Tons o’ fun.

Thanks for reading.

Posted by Lodger Tagged with: , , , , ,
Oct 212009

Swashbucklers of the 7 skies
by Chad Underkoffler
ISBN: 978-0-9771534-5-9


A beautiful book. The rule book is an eclectic collection of quotes neatly wrapped by an unconventional system of rules. The setting is what I want to write about, briefly. The setting is where some players will stare agog and others will cackle and neatly fit themselves in. It is very much a strange place.

The world is a snow globe divided into different zones or “skies”. All extant land  is made up of floating islands which are governed by nations of various styles. These islands slowly travel around a column of fire which acts as a sun. The various zones act as seasons. All travel is by flying ship or giant omnivorous parrot. I’d characterize the setting as flamboyant. A good match for the swashbuckling musketeer motif.

I don’t want to do to much review here as the full scope and setting of this book must be read to be understood. I’d rather let my Actual Play set the tone.

Actual Play: Swashbucklers of the Seven Skies

The book is littered with Star Wars allusions. In keeping with this my player wanted to create a Jedi knight type character. The rule set facilitated this easily.

The ancient order of the Jodai knights sends one of its young acolytes to act as a spy and gather information on anything strange that may indicate the activities of the Dread Lords of the Seething Isles. The acolyte Ikari Mamiil, a Jodai knight of the Zultanate, sets herself up as a trader on Crail. She spends many days establishing herself and strikes up a business relationship with an innkeeper named Rum Bob. Rum Bob points out a group of Crailish sailors. He claims they have a monster story she might like. The sailors are arguing with one of their number about a strange man in red and blue who may or may not have been guiding a giant sky shark. His crewmates  insist he had been hitting the rum too hard. They are interrupted by three Ilwuzii pirates with a beef. Apparently, their ship was destroyed as they were attempting to loot the Crail vessel. Ikari succeeds in getting them seriously drunk on Rum Bob’s “special” rum. There is much bonding and it is quickly discovered that Ikari is quite wealthy and in need of a crew to find this shark. She is quickly elected captain. The two wrecked vessels are quickly looted for parts to create a small fast vessel Ikari dubs the “Shark’s Bane.”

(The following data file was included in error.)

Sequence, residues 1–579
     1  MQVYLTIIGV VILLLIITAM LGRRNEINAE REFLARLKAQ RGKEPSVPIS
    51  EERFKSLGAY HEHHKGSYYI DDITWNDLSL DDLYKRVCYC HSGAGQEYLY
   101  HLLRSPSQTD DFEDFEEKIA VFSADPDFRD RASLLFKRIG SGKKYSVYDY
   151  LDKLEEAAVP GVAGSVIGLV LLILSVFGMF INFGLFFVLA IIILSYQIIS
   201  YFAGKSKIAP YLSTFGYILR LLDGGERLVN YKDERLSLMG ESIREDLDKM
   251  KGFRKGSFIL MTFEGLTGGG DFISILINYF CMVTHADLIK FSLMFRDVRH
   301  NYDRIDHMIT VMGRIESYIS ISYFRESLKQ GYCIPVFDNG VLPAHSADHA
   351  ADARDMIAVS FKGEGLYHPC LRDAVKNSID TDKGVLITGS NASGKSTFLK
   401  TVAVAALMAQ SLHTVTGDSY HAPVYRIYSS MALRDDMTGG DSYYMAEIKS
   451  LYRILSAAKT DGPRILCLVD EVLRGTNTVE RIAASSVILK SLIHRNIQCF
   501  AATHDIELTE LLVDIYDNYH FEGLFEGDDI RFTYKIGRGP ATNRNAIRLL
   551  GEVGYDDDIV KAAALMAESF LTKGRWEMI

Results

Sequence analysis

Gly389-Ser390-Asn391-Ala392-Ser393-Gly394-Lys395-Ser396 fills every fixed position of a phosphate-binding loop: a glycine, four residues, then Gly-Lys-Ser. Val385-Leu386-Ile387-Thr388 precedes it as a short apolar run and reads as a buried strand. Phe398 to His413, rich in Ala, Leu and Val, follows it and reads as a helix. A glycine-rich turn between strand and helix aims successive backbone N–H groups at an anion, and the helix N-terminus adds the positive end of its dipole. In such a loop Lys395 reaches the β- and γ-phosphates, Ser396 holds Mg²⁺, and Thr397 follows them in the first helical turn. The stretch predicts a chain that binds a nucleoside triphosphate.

She tells her crew that they will be hunting tree hoppers in the jungle sky for a profit. This area is also nearby where the two ships were attacked. Ikari and another crew member climb into a grove of wheel trees with the intent of flushing some tree hoppers into some quickly handcrafted sticky vine web nets using smoke from a torch and a noisemaker.

Ikari and “Little” Bob are quickly attacked by blue men who seem to be extremely irate. She uses Jodai knight mental powers (Gift of the Basilisk) to create the illusion of a giant shark behind herself. The blue men savages quickly run in terror leaving Little Bob none the wiser. The terror of the blue men flushes many tree hoppers into the nets of the Shark’s Bane.

As they attempt to leave the trees, a wandering explorer named Sir Regivald Movisu hails them from a small cloud ship skiff. He cunningly questions Ikari and Little Bob about what they are doing and where they will be going with their cargo. Ikari wonders how Sir Regivald came to be so deep in the jungle sky without a larger, better-provisioned vessel. Sir Regivald claims that he is only scouting around trying to learn more about the blue men. Ikari wishes him luck and she and Little Bob return to the Shark’s Bane. Once on board they learn of the immense load of snapping tree hoppers they have captured and Ikari orders her crew to set sail for Crail. Almost no time later, the Shark’s Bane comes upon a wreck. The vessel show signs of having been rammed by something big. A team of crew go aboard to find survivors. Ikari believes that this may be Sir Regivald’s ship. Her crew returns with a giant shark tooth and no survivors. Oddly, they also found evidence of cannon damage. Ikari decides to continue on to the Sea of Stones, but as the Shark’s Bane is moving away a massive sky shark bursts from a wheel tree grove and attacks.

The shark is immense and has a blue wood platform bristling with cannons chained to its back. Standing in blue and scarlet near the shark’s head is Sir Regivald the Seething Lord. The shark attacks the Shark’s Bane. Ikari orders her crew to load cannon and turn to fire on the shark. The first volley catches the shark in an unarmored section by a lucky shot. The shark’s return fire damages more crew than ship. Ikari orders her crew to reload and turn for another firing resolution. Ikari sacrifices some of her crew’s advantages to provide a sniper in her crow’s nest a clear shot at Sir Regivald while she concentrates her Gift of the Basilisk on breaking the Seething Lord’s hold over his mount. In an amazing display of random chance, luck favors her and Sir Regivald is shot as she simultaneously disrupted his control of the shark. The shark tears away into the jungle attempting to scrape the blue men gun crew off its back and eat them. Ikari’s search party finds no survivors but they do find Sir Regivald’s journal in a black metal box. He claims to have perfected an alchemical formula for the enlarging of wildlife. He mentions a special project for which he is raising money by using a giant shark for pirate attacks. Ikari vows to cure the shark so that the Seething Lords cannot use it for their evil plans. She warns the Jodai council that she believes that the lords of the Seething Isle are using alchemical formulae to create giant monsters to raise money for some terrible purpose. Her crew remains clueless as to her true identity. Though Little Bob has his suspicions, the rest of the crew has already caught him with more than his fair share of rum and so doesn’t listen to him. Ikari manages to trade her catch for a princely sum. The crew is more than happy to continue in her employ.